No papers = big problem.
Look at the UK Border Agency for example, they’ve been busy-enough during the summer. In just the few weeks between mid-June and mid-August there were reports of five separate cases of raids by the Border Agency on small businesses allegedly employing illegal workers: Cornwall [June], Leicestershire and Cumbria [July], Nottinghamshire and Shropshire [August]. In every case two or three migrant workers were reported as working illegally at each business – i.e. without the proper documentation to permit them to work in the UK. The stories all end in the same way: the employers in each case facing fines of £10,000 per worker for failing to carry out the necessary checks or maintaining the proper records of those checks. What is rarely mentioned in the news reports is that if the employers are eventually found to have knowingly employed ‘illegals’
Now as it happens all of the cases reported above involved fast-food outlets or restaurants;
Perhaps when the holiday season’s over the next target will be the hand car wash market. As Merril pointed out in her comment column last month, this area is already of interest to SOCA [the Serous Organised Crime Agency] – although rather than directly looking for illegal workers, it’s more probable that their interest would be related to potential money-laundering activities in what is almost by definition a ‘cash’ business. If SOCA are looking at this sector, it would be very surprising if HMRC and the Benefits Agency didn’t also have it on their radar somewhere, if only from the perspective of tax evasion and benefit fraud. One issue that doesn’t seem to get raised about these operations is that many of them appear to be based on abandoned petrol forecourts that at some time in the [recent?-] past were owned by the oil majors; just who actually owns these derelict sites now? Funnily enough the last report of a raid on one of these operations that we could find at the time of writing was from September 2009; that one involved three separate car wash locations in Lincolnshire. Roll on the end of summer.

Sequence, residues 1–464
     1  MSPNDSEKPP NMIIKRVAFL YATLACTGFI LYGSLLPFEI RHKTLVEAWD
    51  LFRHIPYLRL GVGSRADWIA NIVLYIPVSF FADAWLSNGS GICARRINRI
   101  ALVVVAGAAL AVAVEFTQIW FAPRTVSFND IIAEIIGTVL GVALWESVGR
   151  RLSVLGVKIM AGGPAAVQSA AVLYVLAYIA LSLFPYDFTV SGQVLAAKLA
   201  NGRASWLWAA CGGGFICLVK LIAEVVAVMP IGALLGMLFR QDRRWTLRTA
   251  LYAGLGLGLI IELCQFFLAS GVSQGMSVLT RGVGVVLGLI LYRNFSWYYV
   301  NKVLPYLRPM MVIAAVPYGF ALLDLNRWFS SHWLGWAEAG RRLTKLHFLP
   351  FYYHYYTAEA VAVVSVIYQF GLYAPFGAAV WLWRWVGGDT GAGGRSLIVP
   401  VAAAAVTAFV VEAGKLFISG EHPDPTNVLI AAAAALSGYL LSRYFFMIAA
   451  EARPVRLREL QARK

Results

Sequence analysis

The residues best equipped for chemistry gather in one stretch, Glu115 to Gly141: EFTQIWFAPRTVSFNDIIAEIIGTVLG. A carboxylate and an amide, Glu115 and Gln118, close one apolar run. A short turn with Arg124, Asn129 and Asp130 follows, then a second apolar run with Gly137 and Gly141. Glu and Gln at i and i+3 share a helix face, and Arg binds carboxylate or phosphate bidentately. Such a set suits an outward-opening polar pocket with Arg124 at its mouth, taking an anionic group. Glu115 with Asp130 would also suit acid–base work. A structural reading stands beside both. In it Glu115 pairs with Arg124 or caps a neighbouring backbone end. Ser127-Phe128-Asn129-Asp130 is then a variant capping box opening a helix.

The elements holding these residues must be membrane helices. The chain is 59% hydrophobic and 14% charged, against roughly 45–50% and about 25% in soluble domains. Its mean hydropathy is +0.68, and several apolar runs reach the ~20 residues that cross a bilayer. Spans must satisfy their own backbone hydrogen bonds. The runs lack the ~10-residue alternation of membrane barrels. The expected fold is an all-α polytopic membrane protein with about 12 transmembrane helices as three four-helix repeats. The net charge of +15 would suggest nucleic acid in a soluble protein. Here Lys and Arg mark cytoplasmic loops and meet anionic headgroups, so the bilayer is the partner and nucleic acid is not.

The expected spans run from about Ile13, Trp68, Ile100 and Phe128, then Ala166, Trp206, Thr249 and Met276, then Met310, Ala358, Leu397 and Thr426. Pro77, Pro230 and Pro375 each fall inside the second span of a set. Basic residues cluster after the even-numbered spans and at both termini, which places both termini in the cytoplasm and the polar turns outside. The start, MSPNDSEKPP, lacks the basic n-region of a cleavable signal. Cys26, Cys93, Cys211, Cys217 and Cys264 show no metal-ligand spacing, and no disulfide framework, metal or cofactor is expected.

OK you say, but those were ex-forecourts. Nothing to do with ‘legit’ operations. So let’s look at petrol retailing today: Good staff are always hard to find, sometimes it’s hard to find any staff at all; small towns don’t have the same labour-pool as large conurbations. A hard-pressed employer may be tempted to ‘overlook’
Money may be the least of your problems.
So why are we talking about these things in a column devoted to ‘money’? The simple answer is that when times are hard it can be tempting to look for solutions that may edge into the shadowlands of illegality. Unfortunately when the spotlight turns onto them, the real criminals have a habit of disappearing into nowhere, leaving the ‘legit’ business holding the proverbial baby. We’ve already mentioned the ‘standard’
The Proceeds of Crime Act 2002 (PoCA) Part 7 .. “Entering into or becoming involved in an arrangement which facilitates the acquisition, retention, use or control of criminal property by or on behalf of another person: section 328 – Conviction…. can result in imprisonment for up to 14 years and/or an unlimited fine.”
Other penalties can include the seizure of any assets related to a business involved in money laundering; that could potentially include the premises where such a business was allowed to operate. Oh, and apart from any ‘criminal’
Contact us for advice on any of the issues covered here. You can do this by visiting http://www.ekwgroup.co.uk.
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